Do you have a stand-out teaching moment from the past year?  

Probably when I rapped the first verse of “Rapper’s Delight” by The Sugarhill Gang to demonstrate the flow. It’s a party trick I borrowed from my good friend Claire McLeish, who has also taught MUAR 392 and won the graduate teaching award a few years ago. 

What advice would you give to your starting-at-university self?  

Research the culture of the schools you are considering attending and make sure this aligns with your values. 

If you hadn’t ended up in music, what might an alternate career path have been?  

I thought about medicine and law at various points in my undergraduate degree in music. These days, I am considering a career after my PhD that involves some form of labour activism or political advocacy — maybe working in a labour union, an NGO, or a political campaign. We’ll see! 

What was a recent book you read / show you watched / album you listened to?  Anything to recommend?  

I have been enjoying Big Thief’s latest album, Dragon New Warm Mountain I Believe in You. I love everything Adrianne Lenker releases. Recently, I have also revisited Peaches’ The Teaches of Peaches, which holds up after all these years. I have tickets to the twentieth anniversary tour, which starts in Montreal this May. One of the songs from that album was on my syllabus for MUAR 392…I’ll let you guess which one! 

I’m not much of a watcher of things, but one show I enjoyed recently was Heartstopper on Netflix. Unlike so many queer coming-of-age stories, it didn’t dip into excruciating tragedy at every turn, which was very refreshing compared to some LGBTQ stories I have encountered in the past. The soundtrack also sounds like everything youth should sound like.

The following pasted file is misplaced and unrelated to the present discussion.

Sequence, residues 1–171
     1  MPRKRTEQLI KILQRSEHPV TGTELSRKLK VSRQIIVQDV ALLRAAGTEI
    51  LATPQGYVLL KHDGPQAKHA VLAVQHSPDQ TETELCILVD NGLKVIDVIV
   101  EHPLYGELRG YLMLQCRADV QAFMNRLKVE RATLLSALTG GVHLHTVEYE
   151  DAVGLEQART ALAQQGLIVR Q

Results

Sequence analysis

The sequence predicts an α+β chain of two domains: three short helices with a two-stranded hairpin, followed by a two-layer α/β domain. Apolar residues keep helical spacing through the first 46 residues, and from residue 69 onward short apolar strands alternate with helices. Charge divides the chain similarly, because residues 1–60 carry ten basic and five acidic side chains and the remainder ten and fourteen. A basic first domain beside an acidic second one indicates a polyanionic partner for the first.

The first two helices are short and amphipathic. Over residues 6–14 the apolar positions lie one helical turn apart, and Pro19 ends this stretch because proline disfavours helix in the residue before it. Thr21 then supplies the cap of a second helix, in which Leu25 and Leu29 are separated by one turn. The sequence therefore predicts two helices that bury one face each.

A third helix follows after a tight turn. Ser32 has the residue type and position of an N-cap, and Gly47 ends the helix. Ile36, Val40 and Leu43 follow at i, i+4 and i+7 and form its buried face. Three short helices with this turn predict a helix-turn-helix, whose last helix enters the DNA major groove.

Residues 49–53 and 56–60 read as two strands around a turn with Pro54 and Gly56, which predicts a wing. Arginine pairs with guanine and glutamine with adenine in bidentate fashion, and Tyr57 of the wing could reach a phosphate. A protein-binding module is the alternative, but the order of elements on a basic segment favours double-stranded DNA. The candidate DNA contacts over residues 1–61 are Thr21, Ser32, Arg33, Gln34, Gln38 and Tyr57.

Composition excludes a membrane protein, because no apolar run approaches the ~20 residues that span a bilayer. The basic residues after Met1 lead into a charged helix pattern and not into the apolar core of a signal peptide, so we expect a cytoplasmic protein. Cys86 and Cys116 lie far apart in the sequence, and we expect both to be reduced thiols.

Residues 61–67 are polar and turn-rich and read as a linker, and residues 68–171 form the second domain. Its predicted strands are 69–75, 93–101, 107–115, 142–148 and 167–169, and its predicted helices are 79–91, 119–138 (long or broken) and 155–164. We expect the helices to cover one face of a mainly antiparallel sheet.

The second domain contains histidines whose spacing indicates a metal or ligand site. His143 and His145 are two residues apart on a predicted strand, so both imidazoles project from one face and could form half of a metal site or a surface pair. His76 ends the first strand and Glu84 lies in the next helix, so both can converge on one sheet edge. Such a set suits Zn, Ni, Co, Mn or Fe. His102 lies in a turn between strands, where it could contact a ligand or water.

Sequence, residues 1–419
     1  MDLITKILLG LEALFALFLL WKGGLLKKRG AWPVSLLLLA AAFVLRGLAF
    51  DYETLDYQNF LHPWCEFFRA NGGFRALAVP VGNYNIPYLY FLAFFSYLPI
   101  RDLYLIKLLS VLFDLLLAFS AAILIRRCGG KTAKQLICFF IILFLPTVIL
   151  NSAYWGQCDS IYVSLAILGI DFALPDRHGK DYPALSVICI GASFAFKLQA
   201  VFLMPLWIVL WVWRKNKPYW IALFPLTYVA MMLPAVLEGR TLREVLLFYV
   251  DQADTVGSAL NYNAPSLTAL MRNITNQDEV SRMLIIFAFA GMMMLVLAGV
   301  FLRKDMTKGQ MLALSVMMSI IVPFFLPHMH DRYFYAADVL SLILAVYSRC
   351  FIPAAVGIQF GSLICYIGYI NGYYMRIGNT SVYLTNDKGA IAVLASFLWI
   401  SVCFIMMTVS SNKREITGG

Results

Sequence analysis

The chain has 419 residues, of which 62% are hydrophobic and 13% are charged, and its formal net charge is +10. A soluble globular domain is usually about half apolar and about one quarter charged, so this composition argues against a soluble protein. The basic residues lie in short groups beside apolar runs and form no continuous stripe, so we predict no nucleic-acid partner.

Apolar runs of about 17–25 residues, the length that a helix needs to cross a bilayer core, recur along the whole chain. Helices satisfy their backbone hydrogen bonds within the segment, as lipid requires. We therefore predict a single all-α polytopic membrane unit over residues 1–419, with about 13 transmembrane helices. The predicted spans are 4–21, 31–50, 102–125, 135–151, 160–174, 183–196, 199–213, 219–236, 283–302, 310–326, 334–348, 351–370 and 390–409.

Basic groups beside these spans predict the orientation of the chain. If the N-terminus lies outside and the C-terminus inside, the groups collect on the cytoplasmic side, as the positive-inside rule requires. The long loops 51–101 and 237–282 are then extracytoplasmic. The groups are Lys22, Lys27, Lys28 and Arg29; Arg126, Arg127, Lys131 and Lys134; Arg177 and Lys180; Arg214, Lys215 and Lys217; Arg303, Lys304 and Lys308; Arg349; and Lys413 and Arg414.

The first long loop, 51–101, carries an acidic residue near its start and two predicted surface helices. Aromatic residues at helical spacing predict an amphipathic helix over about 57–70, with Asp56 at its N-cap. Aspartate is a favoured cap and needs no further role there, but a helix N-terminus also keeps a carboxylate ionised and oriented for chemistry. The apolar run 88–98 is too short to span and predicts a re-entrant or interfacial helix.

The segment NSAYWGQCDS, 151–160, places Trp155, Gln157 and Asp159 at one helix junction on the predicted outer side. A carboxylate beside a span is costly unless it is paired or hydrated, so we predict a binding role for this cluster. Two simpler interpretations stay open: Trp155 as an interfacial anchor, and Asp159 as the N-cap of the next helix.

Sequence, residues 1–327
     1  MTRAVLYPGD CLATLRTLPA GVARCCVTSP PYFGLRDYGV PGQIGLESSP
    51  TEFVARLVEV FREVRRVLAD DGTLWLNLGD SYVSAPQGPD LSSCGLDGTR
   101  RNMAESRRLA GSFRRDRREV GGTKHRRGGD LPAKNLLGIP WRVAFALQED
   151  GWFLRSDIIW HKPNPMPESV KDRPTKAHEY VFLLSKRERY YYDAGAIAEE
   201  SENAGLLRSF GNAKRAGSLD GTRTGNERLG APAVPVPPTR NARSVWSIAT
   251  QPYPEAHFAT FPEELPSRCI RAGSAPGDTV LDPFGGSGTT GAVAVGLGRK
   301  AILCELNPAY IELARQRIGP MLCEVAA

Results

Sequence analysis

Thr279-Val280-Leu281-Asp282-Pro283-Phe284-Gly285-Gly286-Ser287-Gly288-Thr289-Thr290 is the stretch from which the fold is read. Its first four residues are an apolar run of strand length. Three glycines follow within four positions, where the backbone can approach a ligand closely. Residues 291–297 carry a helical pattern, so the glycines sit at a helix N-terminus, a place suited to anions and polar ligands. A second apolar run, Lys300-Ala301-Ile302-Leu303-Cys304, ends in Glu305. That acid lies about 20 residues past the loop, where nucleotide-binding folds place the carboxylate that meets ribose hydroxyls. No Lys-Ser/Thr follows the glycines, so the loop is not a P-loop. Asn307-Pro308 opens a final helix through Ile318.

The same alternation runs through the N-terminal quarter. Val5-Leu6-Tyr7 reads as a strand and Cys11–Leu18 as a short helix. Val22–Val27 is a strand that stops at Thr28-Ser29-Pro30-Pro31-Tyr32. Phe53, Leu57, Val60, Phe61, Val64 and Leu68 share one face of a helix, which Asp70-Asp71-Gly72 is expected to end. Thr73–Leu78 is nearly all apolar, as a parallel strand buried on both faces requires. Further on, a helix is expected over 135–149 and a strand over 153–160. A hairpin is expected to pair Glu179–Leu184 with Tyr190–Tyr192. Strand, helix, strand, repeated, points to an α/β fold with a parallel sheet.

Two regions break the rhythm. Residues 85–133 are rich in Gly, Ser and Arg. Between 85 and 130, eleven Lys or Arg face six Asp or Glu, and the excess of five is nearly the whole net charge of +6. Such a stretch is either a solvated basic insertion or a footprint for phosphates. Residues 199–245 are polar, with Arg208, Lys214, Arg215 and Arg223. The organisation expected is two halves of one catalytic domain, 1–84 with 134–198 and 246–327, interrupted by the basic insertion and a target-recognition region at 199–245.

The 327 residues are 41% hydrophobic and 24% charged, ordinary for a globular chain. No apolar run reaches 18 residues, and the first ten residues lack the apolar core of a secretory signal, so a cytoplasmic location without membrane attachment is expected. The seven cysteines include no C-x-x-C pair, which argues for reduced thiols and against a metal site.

I honestly can’t remember the last book I read that wasn’t for work. This is something I want to fix this summer. 

Anything on your to-learn list? 

Polish is always on my to-learn list so I can communicate more effectively with my partner’s family. 

Kiersten van Vilet is a PhD Candidate in Musicology and Gender & Women’s Studies at McGill. Their dissertation project is a history of Montreal’s LGBTQ+ dance music scenes from disco to early rave (1970s-1995). They have a Bachelor’s in Music History and a diploma in Violin Performance from the University of Western Ontario, and a MA in Musicology from McGill. While at McGill, they have also worked as a student labour activist, and held several roles at the Teaching Assistant and Invigilator labour union, the Association of Graduate Students Employed at McGill (AGSEM). In their free time, Kiersten enjoys travelling, cycling, gardening, and cooking. 

About the Schulich School of Music Teaching Awards

Each year the Schulich School of Music recognizes faculty members and student instructors for their outstanding contributions. The Schulich School of Music Teaching Awards recognize excellence, commitment and innovation in teaching, and the importance of these qualities in the academic experience of students at McGill. Prizes are awarded annually to each winner at Spring Convocation.